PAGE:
I have been writing a lot about the excitement of being at sea. This post will be dedicated to giving you some impression on how life aboard the ship (the Joides Resolution) feels like.
Below you can see a picture of the cabin I am sharing with one of my female colleagues. We are lucky in that we scored one of the biggest cabins with a private bathroom. For most other scientists the cabins are significantly smaller and the bathroom is shared with another cabin. I am sleeping in the lower bunk and find it quite comfortable. The only downside of our cabin is that we do not have a window!
Enjoy the next episode of our weekly videos! This week is featuring James Bendle, an organic geochemist from the University of Glasgow.
This week we finished our first drill site, which was Site WLRIS07 on the map. The primary science objective for this site was to recover a distal record of the first arrival of glaciers to the eastern Wilkes Land margin. This is thought to represent the Earth’s transition from a ‘Greenhouse world’ to an ‘Icehouse world’ some 33 million years ago. We drilled the seafloor in 4000m water depth and recovered sediments from down to about 1000m. The material is truly spectacular: we recovered sediments from about ten different lithostratigraphic units ranging from very biogenic material over glacial deposits to very clay-rich material.
And here is the third episode of our weekly videos from the Wilkes Land IODP expedition. This week is featuring Saiko Sugisako, a palaeomagnetist on the ship, and also my room mate. Enjoy!
The wildlife highlight of the last days was the sighting of my first penguin (see picture).
I had seen penguins before, sitting on icebergs in the distance, but with cheap cameras (like mine) these penguins only show up as black dots on a white berg. This penguin however was different. He was swimming very close by the ship, and thanks to an announcement of the captain, everybody who was awake got a chance to run outside and see it. The little guy was swimming up and down the side the ship, giving us a proper show – very cute!
Scientifically we are making great progress.
Part TWO of the weekly updates from the JOIDES Resolution, drilling off Antarctica to explore Antarctic climate history.
This week the video by Dan Brinkhuis features a portray of Dr. Jörg Pross, a micropaleontologist of the Frankfurt University.
The first hole we tried to drill off Antarctica did not like us too much and we had to abandon it. After collecting the pipes going down from the ship to about 3700m water depths, we moved to another Site not too far away, but in a different depositional environment. We tripped the pipes again (to about 3900m; see video for one piece of pipe going down), and got our first core on deck at 2 am tonight. It seems that conditions at this new location are much more favorable for successful drilling, and we are making fast progress down the hole!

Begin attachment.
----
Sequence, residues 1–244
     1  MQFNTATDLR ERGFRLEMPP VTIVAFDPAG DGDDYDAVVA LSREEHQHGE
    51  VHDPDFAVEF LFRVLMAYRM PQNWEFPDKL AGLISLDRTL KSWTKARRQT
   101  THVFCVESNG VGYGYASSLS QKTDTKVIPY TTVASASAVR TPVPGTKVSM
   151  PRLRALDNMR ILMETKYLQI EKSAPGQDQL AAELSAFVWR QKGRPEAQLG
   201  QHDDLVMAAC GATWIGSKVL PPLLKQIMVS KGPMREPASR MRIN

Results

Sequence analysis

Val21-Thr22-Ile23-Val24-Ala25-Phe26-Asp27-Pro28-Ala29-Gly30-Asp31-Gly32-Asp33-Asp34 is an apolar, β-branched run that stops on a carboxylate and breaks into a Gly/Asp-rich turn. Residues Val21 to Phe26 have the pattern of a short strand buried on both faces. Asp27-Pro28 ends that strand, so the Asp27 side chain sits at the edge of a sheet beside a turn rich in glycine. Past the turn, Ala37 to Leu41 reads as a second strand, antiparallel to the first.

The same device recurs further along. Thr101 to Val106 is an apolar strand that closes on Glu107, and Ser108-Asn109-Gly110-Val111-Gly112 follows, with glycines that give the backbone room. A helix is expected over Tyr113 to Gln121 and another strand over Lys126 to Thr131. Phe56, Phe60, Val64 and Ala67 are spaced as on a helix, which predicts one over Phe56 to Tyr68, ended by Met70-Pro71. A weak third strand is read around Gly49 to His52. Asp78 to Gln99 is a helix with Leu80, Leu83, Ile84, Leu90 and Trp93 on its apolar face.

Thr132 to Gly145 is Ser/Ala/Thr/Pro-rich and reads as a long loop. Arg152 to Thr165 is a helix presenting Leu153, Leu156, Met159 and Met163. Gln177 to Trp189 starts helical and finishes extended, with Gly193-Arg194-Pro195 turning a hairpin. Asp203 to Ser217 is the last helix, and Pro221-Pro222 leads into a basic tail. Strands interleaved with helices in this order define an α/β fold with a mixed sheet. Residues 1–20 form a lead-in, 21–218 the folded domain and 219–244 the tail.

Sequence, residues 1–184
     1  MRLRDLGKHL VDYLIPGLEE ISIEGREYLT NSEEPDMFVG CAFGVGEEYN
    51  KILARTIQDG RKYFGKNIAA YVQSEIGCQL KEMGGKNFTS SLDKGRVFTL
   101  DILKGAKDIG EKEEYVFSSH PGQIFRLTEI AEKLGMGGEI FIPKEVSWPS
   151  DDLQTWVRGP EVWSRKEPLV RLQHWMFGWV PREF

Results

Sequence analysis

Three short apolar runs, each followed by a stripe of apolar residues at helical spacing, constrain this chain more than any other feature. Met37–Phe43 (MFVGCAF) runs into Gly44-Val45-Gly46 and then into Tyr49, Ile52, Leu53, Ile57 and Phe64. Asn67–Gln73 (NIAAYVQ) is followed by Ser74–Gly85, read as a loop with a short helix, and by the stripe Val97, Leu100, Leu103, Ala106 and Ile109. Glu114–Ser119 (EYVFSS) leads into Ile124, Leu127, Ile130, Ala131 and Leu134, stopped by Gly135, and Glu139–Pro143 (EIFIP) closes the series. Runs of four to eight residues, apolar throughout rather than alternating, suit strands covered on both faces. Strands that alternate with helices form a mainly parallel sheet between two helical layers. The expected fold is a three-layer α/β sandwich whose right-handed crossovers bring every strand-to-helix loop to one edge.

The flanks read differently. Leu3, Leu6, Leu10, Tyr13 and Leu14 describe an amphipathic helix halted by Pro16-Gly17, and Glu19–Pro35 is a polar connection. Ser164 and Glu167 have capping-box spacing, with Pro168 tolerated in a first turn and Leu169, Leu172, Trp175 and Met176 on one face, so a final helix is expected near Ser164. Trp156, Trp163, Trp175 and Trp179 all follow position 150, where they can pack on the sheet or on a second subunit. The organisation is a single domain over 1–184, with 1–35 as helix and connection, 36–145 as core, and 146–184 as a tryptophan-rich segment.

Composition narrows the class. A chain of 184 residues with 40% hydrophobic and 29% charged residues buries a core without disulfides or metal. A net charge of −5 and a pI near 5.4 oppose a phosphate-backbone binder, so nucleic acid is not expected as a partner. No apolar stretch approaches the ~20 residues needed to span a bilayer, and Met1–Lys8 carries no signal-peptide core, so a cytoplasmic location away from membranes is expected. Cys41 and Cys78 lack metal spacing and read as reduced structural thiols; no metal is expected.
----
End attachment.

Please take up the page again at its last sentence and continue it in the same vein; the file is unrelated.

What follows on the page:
When I got up yesterday morning the labs were emptied out – everybody seemed to be outside. Soon I learned that we were passing by some quite spectacular icebergs. In the photo you can see just one of those bergs. According to our ice specialist Diego Mello we saw bergs of every possible shape, and the excitement hold up for most of the day. If you check out other blogs on the expedition (www.joidesresolution.org) you will see more bergs. The sea has been very calm over the last few days, but the fog prevented more spectacular pictures. Unfortunately the massive presence of icebergs around our first targeted drill site (‘bergy water’ is the term Diego uses) forced the captain to make the decision that drilling on the shelf was not feasible at this point.
One of the participants in our endeavor to explore the climate history of Antarctica is the videographer Dan Brinkhuis (Zcene Moving Media Company). He has probably been one of the most busy people during our first week of transit, as he is constantly running around with his camera trying to capture all the different activities on the ship.
Today his first weekly report from the JOIDES Resolution came out featuring a portray of IODP expedition project manager Adam Klaus. Dan will produce reports like this for every week of our expedition, featuring different people on the ship and their roles in this expedition.